Previously, this label had been reserved for Iran’s President Mahmud Ahmadinejad and this is the first time Israel has escalated its rhetoric by attaching it to Iran’s highest authority, who has issued a religious verdict, fatwa, against nuclear weapons.
Clearly, Israel’s intention is to force the White House to adopt a more hawkish stance at the Baghdad meeting and to make the military threat even more credible so that Tehran will give into its demands.
The fact that Mitt Romney, the Republican candidate presidential hopeful, is exploiting the issue to accuse Obama of not doing enough to assist Israel is a major plus for Israel’s strategy that, in turn, puts Obama in the awkward position of how to reach a viable compromise with Iran without alienating his powerful Jewish supporters and thus risk his bid for a second term.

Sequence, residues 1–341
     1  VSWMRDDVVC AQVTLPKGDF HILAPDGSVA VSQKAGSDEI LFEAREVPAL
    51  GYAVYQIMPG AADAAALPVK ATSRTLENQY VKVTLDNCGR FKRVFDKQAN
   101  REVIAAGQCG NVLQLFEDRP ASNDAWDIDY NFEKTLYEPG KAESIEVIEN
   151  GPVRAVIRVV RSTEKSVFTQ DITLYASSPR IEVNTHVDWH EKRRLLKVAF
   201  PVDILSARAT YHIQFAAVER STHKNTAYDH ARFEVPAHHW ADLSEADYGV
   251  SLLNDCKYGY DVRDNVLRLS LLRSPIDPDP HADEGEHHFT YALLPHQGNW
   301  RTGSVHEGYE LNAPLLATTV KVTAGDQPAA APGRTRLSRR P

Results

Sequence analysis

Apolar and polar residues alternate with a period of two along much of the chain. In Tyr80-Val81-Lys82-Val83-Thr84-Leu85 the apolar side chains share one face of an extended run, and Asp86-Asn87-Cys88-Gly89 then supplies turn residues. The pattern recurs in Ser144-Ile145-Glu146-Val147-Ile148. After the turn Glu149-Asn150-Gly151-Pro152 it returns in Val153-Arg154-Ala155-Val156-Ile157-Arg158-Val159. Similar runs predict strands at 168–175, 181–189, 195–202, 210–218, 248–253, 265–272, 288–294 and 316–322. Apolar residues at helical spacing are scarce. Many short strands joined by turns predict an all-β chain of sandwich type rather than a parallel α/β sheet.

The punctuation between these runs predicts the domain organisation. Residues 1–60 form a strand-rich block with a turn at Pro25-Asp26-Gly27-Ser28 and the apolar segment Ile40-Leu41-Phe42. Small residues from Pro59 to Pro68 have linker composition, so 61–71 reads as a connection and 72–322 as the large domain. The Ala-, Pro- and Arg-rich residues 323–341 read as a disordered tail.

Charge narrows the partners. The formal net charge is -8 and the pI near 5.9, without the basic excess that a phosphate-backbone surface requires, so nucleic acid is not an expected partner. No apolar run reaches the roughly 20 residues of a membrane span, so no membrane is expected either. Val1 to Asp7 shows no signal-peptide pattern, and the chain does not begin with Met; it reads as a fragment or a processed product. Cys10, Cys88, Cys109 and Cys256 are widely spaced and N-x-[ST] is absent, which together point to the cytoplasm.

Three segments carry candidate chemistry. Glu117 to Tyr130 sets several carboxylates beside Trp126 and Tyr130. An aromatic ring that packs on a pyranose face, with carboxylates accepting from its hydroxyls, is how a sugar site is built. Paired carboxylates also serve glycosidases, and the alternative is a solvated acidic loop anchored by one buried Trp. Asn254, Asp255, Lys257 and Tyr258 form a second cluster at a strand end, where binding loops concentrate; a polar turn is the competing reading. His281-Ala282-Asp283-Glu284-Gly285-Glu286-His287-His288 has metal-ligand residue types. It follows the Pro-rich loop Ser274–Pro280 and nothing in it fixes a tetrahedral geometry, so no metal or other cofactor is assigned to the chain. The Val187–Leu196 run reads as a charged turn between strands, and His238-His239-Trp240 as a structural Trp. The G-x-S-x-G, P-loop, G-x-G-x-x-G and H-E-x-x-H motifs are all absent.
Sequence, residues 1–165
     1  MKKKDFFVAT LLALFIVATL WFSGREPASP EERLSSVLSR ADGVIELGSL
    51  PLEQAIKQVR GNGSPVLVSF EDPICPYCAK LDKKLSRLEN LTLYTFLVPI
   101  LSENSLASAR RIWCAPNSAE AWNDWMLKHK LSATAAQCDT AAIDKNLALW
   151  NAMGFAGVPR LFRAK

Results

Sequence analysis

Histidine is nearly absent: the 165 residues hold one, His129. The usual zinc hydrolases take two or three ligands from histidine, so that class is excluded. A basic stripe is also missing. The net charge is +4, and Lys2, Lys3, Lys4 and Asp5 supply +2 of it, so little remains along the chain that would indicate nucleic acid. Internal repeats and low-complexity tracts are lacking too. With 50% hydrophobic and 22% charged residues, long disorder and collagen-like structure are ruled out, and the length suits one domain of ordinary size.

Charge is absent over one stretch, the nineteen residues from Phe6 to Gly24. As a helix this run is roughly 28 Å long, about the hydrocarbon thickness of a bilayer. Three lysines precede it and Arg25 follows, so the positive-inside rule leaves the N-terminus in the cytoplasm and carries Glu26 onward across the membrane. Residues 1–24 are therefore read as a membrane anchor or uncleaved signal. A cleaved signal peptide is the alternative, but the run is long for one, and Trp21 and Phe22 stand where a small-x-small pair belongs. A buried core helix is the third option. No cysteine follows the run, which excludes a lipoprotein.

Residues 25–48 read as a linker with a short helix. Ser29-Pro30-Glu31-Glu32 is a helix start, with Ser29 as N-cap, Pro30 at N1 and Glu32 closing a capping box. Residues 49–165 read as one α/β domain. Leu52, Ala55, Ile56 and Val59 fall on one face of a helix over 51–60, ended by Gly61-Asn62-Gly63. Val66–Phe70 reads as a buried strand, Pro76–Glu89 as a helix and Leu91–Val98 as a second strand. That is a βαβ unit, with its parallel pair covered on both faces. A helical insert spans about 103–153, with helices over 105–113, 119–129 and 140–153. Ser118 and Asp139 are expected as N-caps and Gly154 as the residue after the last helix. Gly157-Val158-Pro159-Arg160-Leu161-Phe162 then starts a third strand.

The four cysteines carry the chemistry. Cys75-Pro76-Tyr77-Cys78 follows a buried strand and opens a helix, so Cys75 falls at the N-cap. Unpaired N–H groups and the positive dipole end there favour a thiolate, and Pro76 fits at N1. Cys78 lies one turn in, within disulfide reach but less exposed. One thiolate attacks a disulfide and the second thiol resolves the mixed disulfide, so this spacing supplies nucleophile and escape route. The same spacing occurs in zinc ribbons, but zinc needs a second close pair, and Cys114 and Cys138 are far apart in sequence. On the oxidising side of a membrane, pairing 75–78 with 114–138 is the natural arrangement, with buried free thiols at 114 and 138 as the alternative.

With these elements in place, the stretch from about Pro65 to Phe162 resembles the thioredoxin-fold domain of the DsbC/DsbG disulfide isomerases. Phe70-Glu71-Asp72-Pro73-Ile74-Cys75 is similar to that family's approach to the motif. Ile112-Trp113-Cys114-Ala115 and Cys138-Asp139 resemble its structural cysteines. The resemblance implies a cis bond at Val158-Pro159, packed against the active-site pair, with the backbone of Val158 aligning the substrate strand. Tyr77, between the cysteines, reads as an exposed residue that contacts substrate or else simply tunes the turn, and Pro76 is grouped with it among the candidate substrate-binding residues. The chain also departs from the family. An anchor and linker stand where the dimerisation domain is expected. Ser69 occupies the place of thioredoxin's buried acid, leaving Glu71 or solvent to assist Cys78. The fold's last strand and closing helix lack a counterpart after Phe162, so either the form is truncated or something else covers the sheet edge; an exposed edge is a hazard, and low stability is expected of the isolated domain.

According to a Tehran University political science professor who spoke to the author on the condition of anonymity, Israel’s comparison of Iran with Nazis is “pure rubbish” and there is no better refutation than the fact that Iran’s Jewish minority freely practice their religion and have seats in the parliament (majlis).
“I am not optimistic that Obama can stand up to the Jewish lobby on Iran, even though this means blocking needed US-Iran dialogue on regional security issues in Baghdad,” the professor said.
Iraq’s Prime Minister Nuri al-Maliki was in Tehran last week for consultations on the brewing crisis in Kurdistan and Syria and the Baghdad meeting could serve as a forum for mediation between the US and Iran, who have a broad range of topics to discuss above and beyond the nuclear issue, including Afghanistan.